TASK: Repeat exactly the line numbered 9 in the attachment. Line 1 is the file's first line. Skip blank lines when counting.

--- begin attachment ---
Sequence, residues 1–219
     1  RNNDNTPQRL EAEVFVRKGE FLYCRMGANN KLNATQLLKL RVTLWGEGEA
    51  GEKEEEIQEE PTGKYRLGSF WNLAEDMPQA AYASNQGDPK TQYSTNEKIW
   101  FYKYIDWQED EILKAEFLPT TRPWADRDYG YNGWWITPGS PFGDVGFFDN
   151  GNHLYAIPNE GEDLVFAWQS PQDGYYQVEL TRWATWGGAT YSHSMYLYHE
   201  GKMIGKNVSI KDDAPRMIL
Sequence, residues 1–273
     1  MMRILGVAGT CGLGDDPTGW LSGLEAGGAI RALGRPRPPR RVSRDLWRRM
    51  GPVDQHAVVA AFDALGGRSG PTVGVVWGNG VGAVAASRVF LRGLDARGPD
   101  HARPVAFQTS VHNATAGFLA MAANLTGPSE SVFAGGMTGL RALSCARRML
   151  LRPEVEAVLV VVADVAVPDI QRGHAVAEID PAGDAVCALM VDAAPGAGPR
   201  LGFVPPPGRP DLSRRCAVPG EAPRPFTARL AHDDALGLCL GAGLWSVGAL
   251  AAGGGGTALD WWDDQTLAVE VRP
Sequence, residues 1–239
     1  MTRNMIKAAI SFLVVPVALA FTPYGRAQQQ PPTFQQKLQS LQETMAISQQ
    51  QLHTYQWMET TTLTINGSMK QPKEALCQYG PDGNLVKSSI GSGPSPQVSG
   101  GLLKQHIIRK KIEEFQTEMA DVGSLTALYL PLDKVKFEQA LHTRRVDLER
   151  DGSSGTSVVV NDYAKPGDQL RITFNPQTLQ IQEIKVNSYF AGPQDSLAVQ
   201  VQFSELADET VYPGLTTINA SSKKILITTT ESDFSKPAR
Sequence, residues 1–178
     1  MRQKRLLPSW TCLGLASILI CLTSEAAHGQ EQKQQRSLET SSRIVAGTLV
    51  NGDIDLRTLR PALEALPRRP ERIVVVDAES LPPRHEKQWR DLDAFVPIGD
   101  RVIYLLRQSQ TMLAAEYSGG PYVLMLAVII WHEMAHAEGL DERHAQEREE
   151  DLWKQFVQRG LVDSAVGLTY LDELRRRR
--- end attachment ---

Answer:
    51  GPVDQHAVVA AFDALGGRSG PTVGVVWGNG VGAVAASRVF LRGLDARGPD